A confluence of these challenges among the hospitals’ Epic and Cerner systems likely contributed to the high error rate, the study concluded. That has far-reaching consequences, as the two companies together make up more than 50% of EHRs within U.S. hospital systems.
The Office of the National Coordinator of Health Information Technology put requirements in place in 2010 to promote EHR usability and has continued to expand the program. Vendors must attest they are putting the needs of end users at the forefront of software development and third-party certification bodies must approve their products. Still, usability challenges persist.
In a 2015 research letter, Ratwani found a lack of adherence to ONC certification requirements and usability testing standards among several widely used — and certified — EHR products. Other extraneous factors can shape the final manifestation of the EHR. During local site implementation, for example, configuration and customization impact layout and and information accessibility and account for some of the variability across healthcare systems.
The latest study’s authors suggest stakeholders should consider basic performance standards for all implemented EHRs to ensure usable and safe systems, and Ratwani stressed the need for follow-through.
“Many vendors [have] their products certified as having met that requirement” even if they don’t, he said. “The ONC could modify that to say: Show us evidence of your user-centered design process. And if vendors are doing this, showing evidence is easy because if you’re doing it there are natural byproducts of it.”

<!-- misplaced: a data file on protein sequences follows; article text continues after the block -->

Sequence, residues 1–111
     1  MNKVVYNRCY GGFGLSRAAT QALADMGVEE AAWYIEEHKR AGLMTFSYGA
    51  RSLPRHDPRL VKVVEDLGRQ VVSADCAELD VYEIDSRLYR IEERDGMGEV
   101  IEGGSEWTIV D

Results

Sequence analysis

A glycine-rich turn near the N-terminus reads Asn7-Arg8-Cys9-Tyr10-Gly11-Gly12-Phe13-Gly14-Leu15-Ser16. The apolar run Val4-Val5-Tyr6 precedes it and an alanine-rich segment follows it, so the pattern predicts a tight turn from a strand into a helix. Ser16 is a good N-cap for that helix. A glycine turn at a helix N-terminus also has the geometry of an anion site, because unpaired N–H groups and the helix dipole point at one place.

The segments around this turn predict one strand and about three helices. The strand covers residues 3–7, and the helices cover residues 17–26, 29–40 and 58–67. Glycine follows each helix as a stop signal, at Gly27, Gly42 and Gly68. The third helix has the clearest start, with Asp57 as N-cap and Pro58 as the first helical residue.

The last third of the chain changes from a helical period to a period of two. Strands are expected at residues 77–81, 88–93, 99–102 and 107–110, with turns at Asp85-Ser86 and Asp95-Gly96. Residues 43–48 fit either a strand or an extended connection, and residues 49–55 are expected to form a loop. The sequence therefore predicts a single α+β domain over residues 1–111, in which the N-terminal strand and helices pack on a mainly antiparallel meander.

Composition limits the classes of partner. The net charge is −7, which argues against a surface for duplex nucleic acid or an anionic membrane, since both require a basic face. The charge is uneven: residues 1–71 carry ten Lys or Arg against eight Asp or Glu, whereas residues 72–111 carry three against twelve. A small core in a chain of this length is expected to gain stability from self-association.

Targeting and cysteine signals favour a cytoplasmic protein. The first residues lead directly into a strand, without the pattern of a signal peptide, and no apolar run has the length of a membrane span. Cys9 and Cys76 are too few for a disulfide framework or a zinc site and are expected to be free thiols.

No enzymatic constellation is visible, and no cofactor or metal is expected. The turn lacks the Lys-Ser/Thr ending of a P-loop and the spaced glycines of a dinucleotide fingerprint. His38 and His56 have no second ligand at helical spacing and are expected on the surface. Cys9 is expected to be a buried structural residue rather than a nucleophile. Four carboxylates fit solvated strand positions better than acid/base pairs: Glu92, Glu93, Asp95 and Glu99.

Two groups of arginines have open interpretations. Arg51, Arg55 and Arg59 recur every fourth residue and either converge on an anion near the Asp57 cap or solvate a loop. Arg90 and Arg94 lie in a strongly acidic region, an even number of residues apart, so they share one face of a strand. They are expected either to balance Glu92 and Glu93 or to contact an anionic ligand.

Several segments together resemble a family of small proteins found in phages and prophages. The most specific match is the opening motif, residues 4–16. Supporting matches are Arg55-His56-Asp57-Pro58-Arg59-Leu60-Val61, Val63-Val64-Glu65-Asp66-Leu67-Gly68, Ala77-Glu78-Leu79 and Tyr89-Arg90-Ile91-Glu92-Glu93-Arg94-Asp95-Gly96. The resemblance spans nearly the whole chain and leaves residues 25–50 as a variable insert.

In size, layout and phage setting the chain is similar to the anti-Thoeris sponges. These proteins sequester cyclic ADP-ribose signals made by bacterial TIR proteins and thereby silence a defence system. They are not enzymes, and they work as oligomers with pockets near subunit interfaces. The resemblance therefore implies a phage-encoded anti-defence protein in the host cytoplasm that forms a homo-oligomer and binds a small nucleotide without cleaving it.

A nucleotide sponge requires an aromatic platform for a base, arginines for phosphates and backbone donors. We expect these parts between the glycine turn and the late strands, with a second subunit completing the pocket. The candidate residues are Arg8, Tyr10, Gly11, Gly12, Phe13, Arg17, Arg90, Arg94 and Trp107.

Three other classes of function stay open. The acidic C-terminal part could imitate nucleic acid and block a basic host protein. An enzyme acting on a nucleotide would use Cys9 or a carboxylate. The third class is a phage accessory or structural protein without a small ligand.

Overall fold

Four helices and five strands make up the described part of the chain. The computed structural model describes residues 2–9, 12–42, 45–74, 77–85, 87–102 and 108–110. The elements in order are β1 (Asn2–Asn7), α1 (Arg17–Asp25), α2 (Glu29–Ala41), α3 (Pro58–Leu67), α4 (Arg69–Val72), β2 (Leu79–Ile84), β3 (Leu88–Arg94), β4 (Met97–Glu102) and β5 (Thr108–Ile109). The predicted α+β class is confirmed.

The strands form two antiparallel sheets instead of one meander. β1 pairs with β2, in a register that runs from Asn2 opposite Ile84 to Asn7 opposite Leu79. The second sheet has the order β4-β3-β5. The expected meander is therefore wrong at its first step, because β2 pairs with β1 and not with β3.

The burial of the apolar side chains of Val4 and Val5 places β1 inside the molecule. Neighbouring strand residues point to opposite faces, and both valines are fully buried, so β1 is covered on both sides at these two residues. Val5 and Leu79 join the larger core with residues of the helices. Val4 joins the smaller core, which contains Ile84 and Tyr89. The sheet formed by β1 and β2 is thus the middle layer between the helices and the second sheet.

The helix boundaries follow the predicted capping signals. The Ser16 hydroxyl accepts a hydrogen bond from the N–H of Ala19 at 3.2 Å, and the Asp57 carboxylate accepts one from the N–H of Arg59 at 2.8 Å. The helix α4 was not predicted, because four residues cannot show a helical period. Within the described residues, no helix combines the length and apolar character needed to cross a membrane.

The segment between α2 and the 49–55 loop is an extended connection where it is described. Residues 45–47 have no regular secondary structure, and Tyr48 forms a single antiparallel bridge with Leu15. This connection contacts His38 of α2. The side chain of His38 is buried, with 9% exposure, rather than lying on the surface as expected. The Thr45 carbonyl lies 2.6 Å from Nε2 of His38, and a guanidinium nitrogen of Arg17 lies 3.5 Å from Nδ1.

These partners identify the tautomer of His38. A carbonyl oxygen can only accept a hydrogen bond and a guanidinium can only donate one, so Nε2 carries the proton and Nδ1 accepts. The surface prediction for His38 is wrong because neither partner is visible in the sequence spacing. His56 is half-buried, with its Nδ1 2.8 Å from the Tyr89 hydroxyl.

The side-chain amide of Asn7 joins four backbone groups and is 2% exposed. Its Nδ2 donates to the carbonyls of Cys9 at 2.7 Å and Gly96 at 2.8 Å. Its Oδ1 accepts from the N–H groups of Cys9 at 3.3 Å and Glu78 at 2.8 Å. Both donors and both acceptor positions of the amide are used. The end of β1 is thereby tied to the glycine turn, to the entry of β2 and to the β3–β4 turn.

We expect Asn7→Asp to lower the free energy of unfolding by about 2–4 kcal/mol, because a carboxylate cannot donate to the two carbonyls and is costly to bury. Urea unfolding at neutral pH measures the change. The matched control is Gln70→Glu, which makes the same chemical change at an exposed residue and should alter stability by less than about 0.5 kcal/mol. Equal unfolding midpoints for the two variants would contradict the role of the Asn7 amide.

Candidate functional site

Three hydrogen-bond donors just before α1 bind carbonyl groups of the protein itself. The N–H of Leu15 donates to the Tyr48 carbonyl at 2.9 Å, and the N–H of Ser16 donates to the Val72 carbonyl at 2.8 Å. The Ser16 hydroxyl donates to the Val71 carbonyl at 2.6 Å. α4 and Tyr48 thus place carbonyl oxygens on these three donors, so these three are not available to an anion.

All of the health information products examined in the study were usability tested by either Cerner or Epic and were certified by the ONC’s accrediting bodies.
Similarly, Ratwani believes that “rethinking [physician] training is going to be important.” That includes revamping the copious training physicians are bombarded with in a clinical setting, especially because clinicians sometimes get their health IT training on a product that “doesn’t even resemble the real product they’re going to be using.”
Rawani urges that multiple stakeholders be involved, noting that solutions can come from both vendors and providers.
TAMPA, Fla., June 22, 2018 – DAS Health, a leading provider of health IT and management solutions headquartered in Tampa Bay, has announced a career fair this coming Thursday, June 28th, open to the public. The event comes in light of recent local layoffs by healthcare technology company CareSync, offering industry workers the opportunity to learn more about open roles at DAS Health.
DAS Health recently completed its fifth acquisition in less than three years and secured an additional $6 million facility through Fifth Third Bank for further growth and expansion. As a result of continued rapid growth, DAS has current openings for up to 20 individuals with the right skill sets. Open positions include roles in sales, account management, revenue cycle management (RCM), billing, accounting, EHR technical and billing support staff, care coordination, and more.
“As a local small business owner, our people are our heart – DAS knows the importance of providing opportunities and stable roles for the individuals we work with day in and day out,” said David Schlaifer, President & CEO of DAS Health. “We hope to give back through this career fair and ultimately welcome talented team members to the DAS family. I encourage other business owners to do the same and open their doors to a community in need.”
The DAS career fair will take place Thursday, June 28th from 11-1pm at the DAS Health downtown Tampa headquarters, 1000 N. Ashley Drive. Former CareSync employees and all health IT and related job seekers are encouraged to attend. You can view more on DAS’ current openings at DAShealth.com/careers.